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Math Help - Need Some Calc. Help

  1. #1
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    Need Some Calc. Help

    Find the value of k so that f(x)=xe^x/k has a critical value at x=10.

    I am pretty sure I have to find the derivative here, using the product rule? But I'm not exactly how to find the derivative of e^x/k and after that I'm not sure what to do. Set the derivative equal to 10 perhaps? Someone help me clear this up, please.
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  2. #2
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    k is a constant, so we can pull it out, getting \frac{dy}{dx}=\frac{1}{k}(\frac{d}{dx}(xe^x)). Use the product rule to differentiate xe^x, set \frac{dy}{dx}=0, and then plug 10 in for x. Now, solve for k.
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  3. #3
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    Quote Originally Posted by redsoxfan0825 View Post
    Find the value of k so that f(x)=xe^x/k has a critical value at x=10.

    I am pretty sure I have to find the derivative here, using the product rule? But I'm not exactly how to find the derivative of e^x/k and after that I'm not sure what to do. Set the derivative equal to 10 perhaps? Someone help me clear this up, please.
    assuming you mean ...

    f(x) = xe^{\frac{x}{k}}

    f'(x) = x \cdot \frac{1}{k}e^{\frac{x}{k}} + e^{\frac{x}{k}}

    f'(x) = e^{\frac{x}{k}}\left(\frac{x}{k} + 1\right)

    critical values occur where x = 0 ...

    \frac{x}{k} = -1

    at x = 10 , k = -10
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  4. #4
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    Thank you very much. There are a couple of other problems I'm having trouble with as well.

    "The quantity of a drug in the bloodstream t hours after a tablet is swallowed is given by: q(t) = 351(e^-t - e^-2t) in milligrams
    When is the quantity of the drug in the bloodstream maximized? That is, find the value of t that maximizes q(t). Round your answer to two decimal places."


    This is a surge function problem, but it's not in the normal format of ate^-bt that I'm used to working with. I can do (1/b) to find t, but I don't know how to find b. My first thought would be to combine e^-t - e^-2t to find b but I'm not sure if I can combine those just because they have the same base.


    Also, for part of a problem I need the derivative of e^-kt, would that just be -ke^-kt? Or is k positive?
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  5. #5
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    Quote Originally Posted by redsoxfan0825 View Post
    Thank you very much. There are a couple of other problems I'm having trouble with as well.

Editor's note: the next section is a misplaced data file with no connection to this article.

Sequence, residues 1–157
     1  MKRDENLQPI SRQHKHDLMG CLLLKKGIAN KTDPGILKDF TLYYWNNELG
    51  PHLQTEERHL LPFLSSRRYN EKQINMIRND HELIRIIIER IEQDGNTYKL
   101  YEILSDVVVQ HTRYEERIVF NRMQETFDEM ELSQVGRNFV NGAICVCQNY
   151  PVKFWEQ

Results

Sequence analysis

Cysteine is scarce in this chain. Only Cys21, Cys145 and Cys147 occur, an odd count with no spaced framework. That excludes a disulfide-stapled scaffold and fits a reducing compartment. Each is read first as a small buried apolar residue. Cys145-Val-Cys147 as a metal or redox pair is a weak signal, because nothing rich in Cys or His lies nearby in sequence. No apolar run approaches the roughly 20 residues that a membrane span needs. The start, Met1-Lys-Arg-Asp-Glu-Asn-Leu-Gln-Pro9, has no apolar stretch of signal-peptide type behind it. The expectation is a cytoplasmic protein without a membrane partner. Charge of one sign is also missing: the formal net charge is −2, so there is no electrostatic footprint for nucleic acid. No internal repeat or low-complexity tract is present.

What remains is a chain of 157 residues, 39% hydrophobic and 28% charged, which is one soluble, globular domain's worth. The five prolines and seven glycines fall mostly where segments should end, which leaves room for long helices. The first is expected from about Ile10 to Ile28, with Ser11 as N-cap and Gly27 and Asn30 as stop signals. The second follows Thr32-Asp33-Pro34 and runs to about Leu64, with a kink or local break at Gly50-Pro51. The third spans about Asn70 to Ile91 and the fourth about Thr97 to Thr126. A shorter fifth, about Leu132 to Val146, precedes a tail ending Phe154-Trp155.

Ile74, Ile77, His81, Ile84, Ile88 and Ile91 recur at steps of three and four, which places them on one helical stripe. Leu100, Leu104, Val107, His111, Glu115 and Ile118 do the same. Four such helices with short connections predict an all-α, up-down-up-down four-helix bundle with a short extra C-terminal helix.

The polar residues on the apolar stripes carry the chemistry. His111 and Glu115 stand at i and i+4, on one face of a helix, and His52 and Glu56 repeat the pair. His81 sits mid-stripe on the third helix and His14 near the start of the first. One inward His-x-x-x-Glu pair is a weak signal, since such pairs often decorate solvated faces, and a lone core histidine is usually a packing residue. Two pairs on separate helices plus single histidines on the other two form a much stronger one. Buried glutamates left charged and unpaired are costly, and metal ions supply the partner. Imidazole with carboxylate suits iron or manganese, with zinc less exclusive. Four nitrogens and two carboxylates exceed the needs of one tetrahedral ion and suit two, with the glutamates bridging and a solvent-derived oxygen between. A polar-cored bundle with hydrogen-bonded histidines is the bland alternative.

"The quantity of a drug in the bloodstream t hours after a tablet is swallowed is given by: q(t) = 351(e^-t - e^-2t) in milligrams
    When is the quantity of the drug in the bloodstream maximized? That is, find the value of t that maximizes q(t). Round your answer to two decimal places."


    This is a surge function problem, but it's not in the normal format of ate^-bt that I'm used to working with. I can do (1/b) to find t, but I don't know how to find b. My first thought would be to combine e^-t - e^-2t to find b but I'm not sure if I can combine those just because they have the same base.


    Also, for part of a problem I need the derivative of e^-kt, would that just be -ke^-kt? Or is k positive?
    you're making this much harder on yourself than it really is ...

    q(t) = 351(e^{-t} - e^{-2t})

    q'(t) = 351(-e^{-t} + 2e^{-2t})

    q'(t) = 0 when 2e^{-2t} - e^{-t} = 0

    e^{-t}(2e^{-t} - 1) = 0

    solve the single correct factor than can equal 0 for t


    next time start a new problem with a new post.
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  6. #6
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    I solved for 2e^-t - 1 = 0 and got t = .69, but when I put that back into the equation I get error so I think I made a mistake somewhere.
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  7. #7
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    Quote Originally Posted by redsoxfan0825 View Post
    I solved for 2e^-t - 1 = 0 and got t = .69, but when I put that back into the equation I get error so I think I made a mistake somewhere.
    that is the correct value of t.

    the maximum value of q(t) occurs at t = \ln(2) \approx 0.693...

    q(\ln{2}) \approx 87.75 mg
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